This article is based on my earlier article, Three Ways so Setup WordPress Multisite Domain Mapping in Plesk 11, and assumes that you are using WordPress Multisite with the Domain Mapping plugin to host and maintain multiple websites from the same WordPress installation. Here I will explain in further detail the third method that you can use to set up an additional domain for WordPress Multisite in Plesk which I called “Domain with Hosting”.

A WordPress Multisite installation is created on a single subscription in Plesk, which can only be assigned a single IP address and a single SSL certificate. What if we want to have additional websites with separate IP addresses and/or SSL certificates powered by the same WordPress Multisite installation? Here is how I did this on my MediaTemple DV4 web server.

1. Create a subscription for the additional domain in Plesk

Personally, I like to add a new subscription for the additional domain via the Server Administration Panel. You do this by clicking Subscriptions > Add New Subscription. Select a service plan that includes hosting, such as “Default Domain.”

adding-subscription

If you would like to assign a separate IP address to your additional domain, this is the place to do it. A unique IP will be required if you want to use an SSL certificate for your domain (unless you have SNI support on your server).

2. Point the DocumentRoot to your primary Multisite domain

We now want to point the DocumentRoot of this additional domain to our primary WordPress Multisite domain. We can do this by creating a file named vhost.conf in the additional domain’s conf directory. To avoid permissions errors, I usually do this via SSH as the root user. In addition to the DocumentRoot command, we can include a SuexecUserGroup command if we are running PHP as FastCGI. If the primary Multisite domain was primarydomain.com with the username of primarydomainuser, here is what the contents of the additional domain’s /conf/vhost.conf file would look like:

Because we’ll be using an SSL certificate, we also want to set the same DocumentRoot for all secure HTTPS traffic on the additional domain. We can do this by creating an identical file with the exact same contents named vhost_ssl.conf in the same conf directory.

UPDATE: If you are using nginx in Plesk 11.5, you will also need to specify the DocumentRoot for nginx.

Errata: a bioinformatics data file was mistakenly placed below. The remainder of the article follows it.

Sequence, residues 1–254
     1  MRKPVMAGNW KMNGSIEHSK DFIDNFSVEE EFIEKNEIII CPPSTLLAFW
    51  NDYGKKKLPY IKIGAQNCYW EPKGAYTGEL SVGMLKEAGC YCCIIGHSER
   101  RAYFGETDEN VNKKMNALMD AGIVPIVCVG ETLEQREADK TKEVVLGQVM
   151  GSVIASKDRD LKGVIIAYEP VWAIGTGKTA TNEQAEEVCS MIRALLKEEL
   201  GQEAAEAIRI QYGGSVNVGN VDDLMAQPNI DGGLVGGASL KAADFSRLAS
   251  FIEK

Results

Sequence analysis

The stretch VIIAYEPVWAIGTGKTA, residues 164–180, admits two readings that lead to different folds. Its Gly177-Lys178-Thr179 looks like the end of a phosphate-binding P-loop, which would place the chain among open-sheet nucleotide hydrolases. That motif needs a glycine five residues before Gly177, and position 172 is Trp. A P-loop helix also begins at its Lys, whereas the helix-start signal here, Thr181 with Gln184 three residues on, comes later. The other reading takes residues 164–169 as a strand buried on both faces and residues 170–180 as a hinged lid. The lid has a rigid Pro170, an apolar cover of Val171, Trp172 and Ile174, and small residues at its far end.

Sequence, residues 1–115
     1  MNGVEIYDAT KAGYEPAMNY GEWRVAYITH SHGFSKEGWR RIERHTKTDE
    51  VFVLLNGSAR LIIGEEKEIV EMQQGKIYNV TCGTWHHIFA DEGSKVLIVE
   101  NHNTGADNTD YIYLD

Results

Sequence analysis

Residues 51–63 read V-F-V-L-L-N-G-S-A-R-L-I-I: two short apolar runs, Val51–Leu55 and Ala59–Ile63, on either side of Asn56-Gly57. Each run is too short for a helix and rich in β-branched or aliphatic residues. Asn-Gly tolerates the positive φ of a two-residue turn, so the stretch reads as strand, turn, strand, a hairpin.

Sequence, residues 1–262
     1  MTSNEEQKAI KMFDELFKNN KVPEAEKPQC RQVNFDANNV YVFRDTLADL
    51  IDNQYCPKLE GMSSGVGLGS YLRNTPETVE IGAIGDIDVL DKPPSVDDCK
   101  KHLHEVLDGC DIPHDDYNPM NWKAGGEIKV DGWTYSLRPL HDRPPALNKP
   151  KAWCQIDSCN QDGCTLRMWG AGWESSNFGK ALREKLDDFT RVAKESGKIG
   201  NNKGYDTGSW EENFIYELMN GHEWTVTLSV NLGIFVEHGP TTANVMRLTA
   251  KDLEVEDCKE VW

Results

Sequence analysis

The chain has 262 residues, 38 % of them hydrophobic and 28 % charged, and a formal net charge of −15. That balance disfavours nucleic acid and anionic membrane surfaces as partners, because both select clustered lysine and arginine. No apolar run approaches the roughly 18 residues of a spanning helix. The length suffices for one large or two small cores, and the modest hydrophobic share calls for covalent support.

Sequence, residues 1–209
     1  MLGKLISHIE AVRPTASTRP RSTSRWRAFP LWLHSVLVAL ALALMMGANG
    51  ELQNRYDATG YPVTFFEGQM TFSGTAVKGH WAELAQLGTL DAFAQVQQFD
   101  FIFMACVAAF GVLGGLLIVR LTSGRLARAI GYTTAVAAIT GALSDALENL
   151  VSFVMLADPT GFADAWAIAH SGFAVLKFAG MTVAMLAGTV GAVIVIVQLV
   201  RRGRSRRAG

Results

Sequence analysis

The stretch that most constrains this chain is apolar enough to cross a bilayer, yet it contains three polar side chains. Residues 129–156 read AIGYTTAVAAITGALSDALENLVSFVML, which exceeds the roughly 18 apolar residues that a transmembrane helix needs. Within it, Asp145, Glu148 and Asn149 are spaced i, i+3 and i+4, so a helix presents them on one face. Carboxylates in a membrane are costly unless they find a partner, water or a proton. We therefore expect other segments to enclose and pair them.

3. Disable PHP open_basedir

By default, PHP enables the open_basedir command to limit the files that can be opened by PHP. If the file is outside the specified directories, PHP scripts will refuse to open it. However, because we have switched the DocumentRoot for this additional domain to point to our primary Multisite domain, we need to either update this value or disable it. We can set the open_basedir setting to “none” by selecting our subscription, clicking the “Customize” button, and selecting the “PHP Settings” tab.

open-basedir

4. Enable PHP to run as FastCGI on the new DocumentRoot

After setting the DocumentRoot to point to the primary Multisite domain, for some reason PHP wouldn’t properly execute on those files. Visiting the site in a web browser would result in downloading the PHP files instead of running them and generating the web page. Adding the following to the vhost.conf and vhost_ssl.conf files that you just created in your conf directory will force PHP to run as FastCGI on that folder.

5. Reload the domain configuration

After creating or modifying either vhost.conf or vhost_ssl.conf files in the domain’s conf directory, we run the following commands in SSH to reload the configuration for the additional domain (additionaldomain.com) and restart Apache:
/usr/local/psa/admin/bin/httpdmng --reconfigure-domain additionaldomain.com
/etc/init.d/httpd graceful

You have a fully hosted domain subscription in Plesk that is pointing to your WordPress Multisite installation! You are able to assign a unique IP and install an SSL certificate on this domain.